• Binary Application Guarantee—guaranteed compatibility of your application from one Oracle Solaris release to the next, on premises or in the cloud.
  • 24/7 access via My Oracle Support to:
    • Oracle systems specialists
    • Online knowledge articles
    • Oracle Solaris proactive tools
    • Oracle Solaris communities 


In addition, the agile deployment of Oracle Solaris 11 allows customers to take advantage of more frequent, simpler, and less disruptive delivery of new features and capabilities. This helps with faster adoption and eliminates the need for slow and expensive re-qualifications. 

Learn more with these resources:


Oracle Solaris 11

Oracle Solaris 10





[1] Support dates are evaluated for update annually, and will be provided through at least the dates listed in the Oracle and Sun System Software: Lifetime Support Policy. See the Oracle Solaris Releases for details.

Solving DBFS UnMounting Issue

Michael Dinh - Wed, 2019-04-24 18:34

Often, I am quite baffle with Oracle’s implementations and documentations.

RAC GoldenGate DBFS implementation has been a nightmare and here is one example DBFS Nightmare

I am about to show you another.

In general, I find any implementation using ACTION_SCRIPT is good in theory, bad in practice, but I digress.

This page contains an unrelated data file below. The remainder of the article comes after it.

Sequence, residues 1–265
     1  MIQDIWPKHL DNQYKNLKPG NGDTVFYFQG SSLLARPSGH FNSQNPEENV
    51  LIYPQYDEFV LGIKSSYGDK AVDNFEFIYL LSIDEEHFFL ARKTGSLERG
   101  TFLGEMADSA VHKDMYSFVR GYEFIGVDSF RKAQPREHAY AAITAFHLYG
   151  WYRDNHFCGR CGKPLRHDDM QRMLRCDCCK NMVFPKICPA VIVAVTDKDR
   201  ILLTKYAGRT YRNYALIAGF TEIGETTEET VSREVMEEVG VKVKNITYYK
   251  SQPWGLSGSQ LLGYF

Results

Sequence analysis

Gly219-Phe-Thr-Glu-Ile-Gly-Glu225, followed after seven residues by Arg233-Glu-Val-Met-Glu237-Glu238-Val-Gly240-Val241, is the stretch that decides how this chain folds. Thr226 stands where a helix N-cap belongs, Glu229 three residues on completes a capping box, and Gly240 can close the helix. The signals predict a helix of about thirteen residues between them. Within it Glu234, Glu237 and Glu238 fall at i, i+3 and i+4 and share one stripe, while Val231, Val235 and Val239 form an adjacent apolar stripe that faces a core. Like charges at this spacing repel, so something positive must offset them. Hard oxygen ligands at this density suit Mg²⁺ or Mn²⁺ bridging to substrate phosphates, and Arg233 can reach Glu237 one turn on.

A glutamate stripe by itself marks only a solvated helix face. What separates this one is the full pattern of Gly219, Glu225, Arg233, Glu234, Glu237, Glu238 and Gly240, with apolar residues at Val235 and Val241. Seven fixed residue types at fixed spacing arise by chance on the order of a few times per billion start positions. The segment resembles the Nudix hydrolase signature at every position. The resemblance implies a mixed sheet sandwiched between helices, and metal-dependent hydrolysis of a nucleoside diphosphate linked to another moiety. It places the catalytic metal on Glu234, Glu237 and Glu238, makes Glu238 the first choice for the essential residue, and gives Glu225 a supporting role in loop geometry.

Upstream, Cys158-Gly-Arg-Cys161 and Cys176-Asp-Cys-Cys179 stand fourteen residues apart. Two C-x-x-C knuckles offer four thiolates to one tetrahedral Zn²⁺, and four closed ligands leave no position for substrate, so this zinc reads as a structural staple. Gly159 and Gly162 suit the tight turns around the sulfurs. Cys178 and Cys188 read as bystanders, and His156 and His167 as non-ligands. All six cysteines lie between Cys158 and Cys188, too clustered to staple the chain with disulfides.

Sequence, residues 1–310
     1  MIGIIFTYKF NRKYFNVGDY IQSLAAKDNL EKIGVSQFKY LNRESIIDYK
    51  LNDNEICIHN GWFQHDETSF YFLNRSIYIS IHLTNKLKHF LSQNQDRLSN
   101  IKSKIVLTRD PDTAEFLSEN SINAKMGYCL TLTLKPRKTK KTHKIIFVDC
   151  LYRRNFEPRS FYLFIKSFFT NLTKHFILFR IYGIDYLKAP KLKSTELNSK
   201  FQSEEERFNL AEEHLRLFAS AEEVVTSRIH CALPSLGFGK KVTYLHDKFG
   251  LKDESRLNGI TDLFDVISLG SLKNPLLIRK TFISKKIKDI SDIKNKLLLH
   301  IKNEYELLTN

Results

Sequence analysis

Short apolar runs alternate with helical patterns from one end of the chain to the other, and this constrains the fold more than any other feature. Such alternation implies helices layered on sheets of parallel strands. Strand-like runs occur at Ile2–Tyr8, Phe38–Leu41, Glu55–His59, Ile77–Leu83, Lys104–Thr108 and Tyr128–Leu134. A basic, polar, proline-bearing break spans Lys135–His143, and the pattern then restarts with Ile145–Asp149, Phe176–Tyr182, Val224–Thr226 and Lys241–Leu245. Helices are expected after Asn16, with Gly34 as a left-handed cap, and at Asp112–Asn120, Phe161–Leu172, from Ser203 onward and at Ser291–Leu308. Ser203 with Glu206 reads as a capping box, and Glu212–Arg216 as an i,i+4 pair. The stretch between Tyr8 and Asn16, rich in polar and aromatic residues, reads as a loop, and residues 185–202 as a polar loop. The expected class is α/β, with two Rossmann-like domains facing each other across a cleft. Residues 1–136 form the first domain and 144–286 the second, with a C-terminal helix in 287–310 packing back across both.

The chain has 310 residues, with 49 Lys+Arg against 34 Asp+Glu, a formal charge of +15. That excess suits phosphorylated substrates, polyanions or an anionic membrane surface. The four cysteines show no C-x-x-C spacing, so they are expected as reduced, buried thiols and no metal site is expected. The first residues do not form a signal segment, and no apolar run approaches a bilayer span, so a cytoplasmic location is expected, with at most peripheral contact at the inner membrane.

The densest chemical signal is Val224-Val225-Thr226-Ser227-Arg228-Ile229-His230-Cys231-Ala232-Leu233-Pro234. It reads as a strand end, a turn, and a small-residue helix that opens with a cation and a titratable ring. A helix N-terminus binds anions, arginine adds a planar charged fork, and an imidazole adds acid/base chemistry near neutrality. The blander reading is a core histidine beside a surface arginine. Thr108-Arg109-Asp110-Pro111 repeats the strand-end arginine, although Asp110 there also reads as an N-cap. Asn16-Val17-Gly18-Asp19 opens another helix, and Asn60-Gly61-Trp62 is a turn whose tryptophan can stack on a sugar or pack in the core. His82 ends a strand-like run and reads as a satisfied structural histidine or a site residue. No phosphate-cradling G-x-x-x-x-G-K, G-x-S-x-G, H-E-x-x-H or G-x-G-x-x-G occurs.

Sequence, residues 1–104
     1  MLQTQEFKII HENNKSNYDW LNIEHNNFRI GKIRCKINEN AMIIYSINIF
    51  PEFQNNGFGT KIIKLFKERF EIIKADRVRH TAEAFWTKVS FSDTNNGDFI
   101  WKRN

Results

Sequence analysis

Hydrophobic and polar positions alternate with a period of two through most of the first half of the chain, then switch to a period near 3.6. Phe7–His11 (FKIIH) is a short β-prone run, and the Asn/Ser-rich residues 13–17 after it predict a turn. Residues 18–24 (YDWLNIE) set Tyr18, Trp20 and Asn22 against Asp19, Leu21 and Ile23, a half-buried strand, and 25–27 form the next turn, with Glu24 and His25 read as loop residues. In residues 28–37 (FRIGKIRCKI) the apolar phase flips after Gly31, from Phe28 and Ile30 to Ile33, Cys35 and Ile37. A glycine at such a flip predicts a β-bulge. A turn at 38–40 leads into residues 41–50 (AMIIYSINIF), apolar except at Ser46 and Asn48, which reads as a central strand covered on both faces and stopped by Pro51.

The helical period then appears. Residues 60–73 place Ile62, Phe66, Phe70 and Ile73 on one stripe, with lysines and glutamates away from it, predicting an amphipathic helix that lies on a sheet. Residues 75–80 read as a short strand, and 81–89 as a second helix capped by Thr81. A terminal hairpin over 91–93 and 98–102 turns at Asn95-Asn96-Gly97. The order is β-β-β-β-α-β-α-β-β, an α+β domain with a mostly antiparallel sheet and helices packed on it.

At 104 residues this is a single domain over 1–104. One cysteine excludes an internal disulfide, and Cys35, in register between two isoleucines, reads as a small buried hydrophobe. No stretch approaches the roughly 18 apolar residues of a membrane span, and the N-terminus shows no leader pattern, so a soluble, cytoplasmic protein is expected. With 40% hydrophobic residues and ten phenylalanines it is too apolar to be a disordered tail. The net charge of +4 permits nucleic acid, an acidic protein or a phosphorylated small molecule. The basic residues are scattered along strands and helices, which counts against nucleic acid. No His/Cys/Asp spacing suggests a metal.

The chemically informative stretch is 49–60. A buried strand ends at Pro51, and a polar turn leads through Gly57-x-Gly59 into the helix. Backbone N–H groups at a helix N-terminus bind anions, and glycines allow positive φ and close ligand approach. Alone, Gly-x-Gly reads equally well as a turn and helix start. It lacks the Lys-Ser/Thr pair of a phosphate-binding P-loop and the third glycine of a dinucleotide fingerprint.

Getting ready to shutdown CRS for system patching to find out CRS failed to shutdown.

# crsctl stop crs
CRS-2675: Stop of 'dbfs_mount' on 'host02' failed
CRS-2675: Stop of 'dbfs_mount' on 'host02' failed
CRS-2673: Attempting to stop 'dbfs_mount' on 'host02'
CRS-2675: Stop of 'dbfs_mount' on 'host02' failed
CRS-2673: Attempting to stop 'dbfs_mount' on 'host02'
CRS-2675: Stop of 'dbfs_mount' on 'host02' failed
CRS-2799: Failed to shut down resource 'dbfs_mount' on 'host02'
CRS-2799: Failed to shut down resource 'ora.GG_PROD.dg' on 'host02'
CRS-2799: Failed to shut down resource 'ora.asm' on 'host02'
CRS-2799: Failed to shut down resource 'ora.dbfs.db' on 'host02'
CRS-2799: Failed to shut down resource 'ora.host02.ASM2.asm' on 'host02'
CRS-2794: Shutdown of Cluster Ready Services-managed resources on 'host02' has failed
CRS-2675: Stop of 'ora.crsd' on 'host02' failed
CRS-2799: Failed to shut down resource 'ora.crsd' on 'host02'
CRS-2795: Shutdown of Oracle High Availability Services-managed resources on 'host02' has failed
CRS-4687: Shutdown command has completed with errors.
CRS-4000: Command Stop failed, or completed with errors.

Check /var/log/messages to find errors and there’s no clue for resolution.

# grep -i dbfs /var/log/messages
Apr 17 19:42:26 host02 DBFS_/ggdata: unmounting DBFS from /ggdata
Apr 17 19:42:26 host02 DBFS_/ggdata: umounting the filesystem using '/bin/fusermount -u /ggdata'
Apr 17 19:42:26 host02 DBFS_/ggdata: Stop - stopped, but still mounted, error